What does it mean to be an American? And who gets to define the American experience? These are questions we often ask ourselves, particularly around the inauguration of a new president, but they’ve taken on a new urgency in light of recent events.
Classical music seems to be a world apart from all this, but many composers have made important statements about the American experience in their music. William Schuman drew on his memories of growing up in Manhattan’s melting-pot Upper West Side in his boisterous American Festival Overture. Chen Yi translated the distinctive colors of an immigrant-community celebration into the medium of the string quartet in her At the Kansas City Chinese New Year Concert. And at the dawn of the civil rights movement, Florence Price paid tribute to the vibrance of a bygone Black community in her Dances in the Canebrakes. Without saying a word, these pieces proclaim “We, too, are America.”
Right now, our commitment to an inclusive America is being tested, but not for the first time. Amidst the uncertainty of 1942, when we were sending our first troops overseas to fight fascism, Aaron Copland took solace in the words of President Abraham Lincoln, who reminds us that “the occasion is piled high with difficulty and we must rise with the occasion.” Copland accompanied those words with his Lincoln Portrait, which stirringly calls us all to renew our commitment to “government of the people, by the people, and for the people.”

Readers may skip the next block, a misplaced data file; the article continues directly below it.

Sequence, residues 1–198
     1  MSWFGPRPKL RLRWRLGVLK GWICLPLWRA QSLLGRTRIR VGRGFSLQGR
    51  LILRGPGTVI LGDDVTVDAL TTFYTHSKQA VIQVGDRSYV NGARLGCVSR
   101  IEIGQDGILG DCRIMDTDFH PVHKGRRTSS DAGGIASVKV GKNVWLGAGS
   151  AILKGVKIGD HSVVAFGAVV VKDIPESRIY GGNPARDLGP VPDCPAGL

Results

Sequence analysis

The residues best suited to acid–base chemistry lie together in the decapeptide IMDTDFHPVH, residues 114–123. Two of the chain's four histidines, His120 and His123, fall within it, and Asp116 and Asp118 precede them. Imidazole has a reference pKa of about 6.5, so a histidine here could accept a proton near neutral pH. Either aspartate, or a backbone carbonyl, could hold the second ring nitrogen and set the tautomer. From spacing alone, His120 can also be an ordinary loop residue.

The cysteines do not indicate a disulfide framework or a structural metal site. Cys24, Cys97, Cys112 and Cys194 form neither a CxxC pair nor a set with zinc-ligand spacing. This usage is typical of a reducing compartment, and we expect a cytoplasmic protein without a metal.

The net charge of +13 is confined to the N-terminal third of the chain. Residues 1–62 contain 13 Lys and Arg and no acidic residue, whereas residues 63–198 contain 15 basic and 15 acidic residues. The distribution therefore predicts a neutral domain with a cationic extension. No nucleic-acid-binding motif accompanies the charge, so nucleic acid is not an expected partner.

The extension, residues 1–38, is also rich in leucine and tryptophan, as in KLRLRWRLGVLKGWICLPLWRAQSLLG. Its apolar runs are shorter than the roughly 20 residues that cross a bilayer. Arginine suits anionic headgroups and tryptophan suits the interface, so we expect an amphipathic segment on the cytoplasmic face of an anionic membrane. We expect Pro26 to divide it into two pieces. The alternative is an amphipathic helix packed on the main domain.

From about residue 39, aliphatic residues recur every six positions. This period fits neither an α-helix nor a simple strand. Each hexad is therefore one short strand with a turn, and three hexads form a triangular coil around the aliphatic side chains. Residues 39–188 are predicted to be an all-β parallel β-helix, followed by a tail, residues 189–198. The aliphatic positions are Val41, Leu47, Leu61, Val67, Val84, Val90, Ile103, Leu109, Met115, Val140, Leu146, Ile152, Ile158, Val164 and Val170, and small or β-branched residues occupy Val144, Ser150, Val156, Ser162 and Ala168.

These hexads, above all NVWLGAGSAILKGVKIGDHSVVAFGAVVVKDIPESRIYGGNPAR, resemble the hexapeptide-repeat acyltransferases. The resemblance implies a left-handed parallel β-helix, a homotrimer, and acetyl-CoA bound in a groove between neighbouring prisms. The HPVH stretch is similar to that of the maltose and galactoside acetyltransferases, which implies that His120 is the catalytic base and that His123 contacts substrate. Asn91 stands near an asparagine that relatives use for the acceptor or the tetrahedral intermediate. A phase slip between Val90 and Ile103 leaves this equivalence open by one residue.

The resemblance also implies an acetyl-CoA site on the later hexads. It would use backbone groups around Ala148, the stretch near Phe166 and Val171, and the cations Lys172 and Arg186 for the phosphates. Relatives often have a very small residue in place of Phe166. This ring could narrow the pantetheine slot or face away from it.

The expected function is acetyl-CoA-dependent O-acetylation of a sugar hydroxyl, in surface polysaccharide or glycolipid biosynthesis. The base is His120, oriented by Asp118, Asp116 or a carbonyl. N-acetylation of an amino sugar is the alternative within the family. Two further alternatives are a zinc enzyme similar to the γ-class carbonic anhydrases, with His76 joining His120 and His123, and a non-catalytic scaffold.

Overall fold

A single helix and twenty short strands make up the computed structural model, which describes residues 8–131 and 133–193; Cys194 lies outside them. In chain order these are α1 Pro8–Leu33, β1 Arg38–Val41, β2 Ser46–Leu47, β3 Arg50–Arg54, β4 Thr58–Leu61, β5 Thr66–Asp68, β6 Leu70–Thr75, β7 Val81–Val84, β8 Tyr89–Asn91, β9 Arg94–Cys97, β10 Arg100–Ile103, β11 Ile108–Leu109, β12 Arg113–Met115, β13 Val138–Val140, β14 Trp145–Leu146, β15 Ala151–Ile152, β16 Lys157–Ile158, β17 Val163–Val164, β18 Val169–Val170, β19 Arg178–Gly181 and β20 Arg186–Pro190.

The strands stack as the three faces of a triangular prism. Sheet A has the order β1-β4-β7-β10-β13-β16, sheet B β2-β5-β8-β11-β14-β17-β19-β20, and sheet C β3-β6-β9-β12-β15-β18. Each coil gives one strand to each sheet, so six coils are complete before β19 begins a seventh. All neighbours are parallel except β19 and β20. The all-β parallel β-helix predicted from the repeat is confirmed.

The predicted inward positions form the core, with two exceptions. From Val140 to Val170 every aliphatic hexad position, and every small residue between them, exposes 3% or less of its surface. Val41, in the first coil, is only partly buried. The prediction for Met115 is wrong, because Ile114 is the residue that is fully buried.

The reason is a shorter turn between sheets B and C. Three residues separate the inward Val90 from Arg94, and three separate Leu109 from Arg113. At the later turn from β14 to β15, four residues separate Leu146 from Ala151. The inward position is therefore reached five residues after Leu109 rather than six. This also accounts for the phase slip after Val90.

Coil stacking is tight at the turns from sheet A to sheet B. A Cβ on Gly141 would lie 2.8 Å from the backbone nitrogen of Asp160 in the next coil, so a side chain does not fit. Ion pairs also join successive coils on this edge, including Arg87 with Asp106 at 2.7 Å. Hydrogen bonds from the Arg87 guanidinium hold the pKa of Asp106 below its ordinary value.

It is my privilege to present all of these pieces, and more, on the next Classical Tulsa. Join me for a musical exploration of the American Experience, this Friday, January 15th, at noon.